Tuesday, September 15, 2015

Presentation Recording, Posting and Webcasting – Simple and Cheap, yet Slick and Powerful.

For many years I have been involved in technology applications in the classroom, including the development of, now sold, LectureTools (absorbed in Echo360’s Active Learning Platform).  The functionality became ever greater, but so were the environment’s complexity, and equipment and room demands.  Time to return to the early 2000's when we used off-the-shelf equipment, such as inexpensive Linksys units from BestBuy to create our own, restricted WiFi network, and to control the process.  

My primary target in this post is recording and sharing of lecture presentations, so that students have post-class access on as-needed basis (like excused absences) or simply open-access, without the need of room-installed hardware and tech assistance.  Secondly, and the underlying motivation for this project, is ready access to lecture material in order to encourage greater student responsibility for the learning experience.  The latter is short for paying-attention and note-taking, and will be something for a later write-up.  Here it is about personal setup and steps for sharing a presentation without tech-savvy help or an IT-enabled room.

A Laptop

Since most presentations are or can be run from one’s personal laptop, my efforts involve the Windows PC (though it'll be similar for Mac).  The three central needs are (1) sound and projected image recording, (2) their synchronization, and (3) presentation sharing.  There is an absolutely perfect program for that, called Camtasia Studio.  It has been around for a while, so offers a trouble-free product.  First the hardware.

Record Sound

I ordered a cheap (really cheap) wireless microphone set to record my voice without being tethered to the laptop.  It was less than $20 when I ordered it from Amazon.  The device is known on campuses and board rooms as the lavalier microphone that booms one’s sound through speakers.  Not here.  The receiver (on the left) is plugged into the laptop’s microphone jack (with a not-included converter; probably 3.5mm to 1/4"), so that sound can be recorded.  Many laptops have a shared microphone/headphone jack, so make sure the converter works (multi-wired), usu usually through a software setting.  Probably a $500+ industrial strength unit is a good idea, but the cheapo works very well for my purposes and use so far.  I’ll probably upgrade down the road when monetary donations from this write-up arrive :-)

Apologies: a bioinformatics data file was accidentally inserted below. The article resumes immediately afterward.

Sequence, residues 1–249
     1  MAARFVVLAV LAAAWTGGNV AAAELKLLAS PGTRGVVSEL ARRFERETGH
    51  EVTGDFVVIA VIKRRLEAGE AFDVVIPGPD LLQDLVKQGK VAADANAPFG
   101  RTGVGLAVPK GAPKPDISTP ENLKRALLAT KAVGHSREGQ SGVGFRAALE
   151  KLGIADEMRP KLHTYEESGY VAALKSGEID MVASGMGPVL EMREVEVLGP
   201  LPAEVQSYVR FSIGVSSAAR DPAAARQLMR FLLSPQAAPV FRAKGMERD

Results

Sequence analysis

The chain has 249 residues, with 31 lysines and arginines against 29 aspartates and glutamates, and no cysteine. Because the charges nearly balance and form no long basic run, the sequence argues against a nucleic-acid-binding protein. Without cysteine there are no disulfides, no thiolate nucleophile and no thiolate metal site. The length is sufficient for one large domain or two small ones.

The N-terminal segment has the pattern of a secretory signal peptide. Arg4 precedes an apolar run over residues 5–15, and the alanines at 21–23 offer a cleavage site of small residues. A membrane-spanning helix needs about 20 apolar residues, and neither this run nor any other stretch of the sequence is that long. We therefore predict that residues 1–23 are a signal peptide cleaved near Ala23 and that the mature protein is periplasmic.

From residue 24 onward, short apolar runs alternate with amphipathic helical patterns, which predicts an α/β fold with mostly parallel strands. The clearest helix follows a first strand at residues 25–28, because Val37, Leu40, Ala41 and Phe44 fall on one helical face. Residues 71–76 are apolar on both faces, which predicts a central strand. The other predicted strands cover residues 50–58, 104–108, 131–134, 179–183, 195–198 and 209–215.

Update (9/28/15):  I have tested a high-end lavalier device (Sennheiser) that gives slightly better sound quality, but not meaningful for voice compared to the cheap system.  As a backup, I have a 25ft extension audio cable that connects sound port and microphone, which produces crispest sound of all options.  Using a microphone boost of 20dB makes this long connection indistinguishable from a short direct connection with 10dB (default) boost.  So cheapo lavalier and wire are good options, unless you have a fancy system available.  One final test is a better microphone, which I'll try soon, but the system works well so far.

Presentation and Recording

Get and install Camtasia Studio (currently v8.6).  The program may already be licensed to your institution or costs ~$250.  This is the most expensive part of the project, but worth it when we get to functionality.  When installing the software, the program asks to be an add-in to PowerPoint, which is key functionality #1; so, say yes.  When done, it’ll show in PowerPoint Add-ins as:

When clicking on <Record> the presenter function of PowerPoint starts automatically, with a little Camtasia panel in the right corner:

Clicking on that panel’s button starts recording voice and whatever shows on the screen simultaneously (key functionality #2).  I use PowerPoint presenter view, which works the same for this, except that the start panel appears on the projected screen.  It’ll go away once clicked. Note the Pause and Stop options.

Now do your thing.  Talk as usual and move slides as usual.  Going back and forth in slides is no issue and any animation on the screen are captured just fine too.  When done, press <Esc>, as usual, and a Save... window appears that asks you to store the recording, with the obscure extension.trec.  Type a name (and other location) if the .pptx file name is not welcome, and a very large .trec file is saved. That’s the raw product from which a recording is produced.

Posting and Webcasting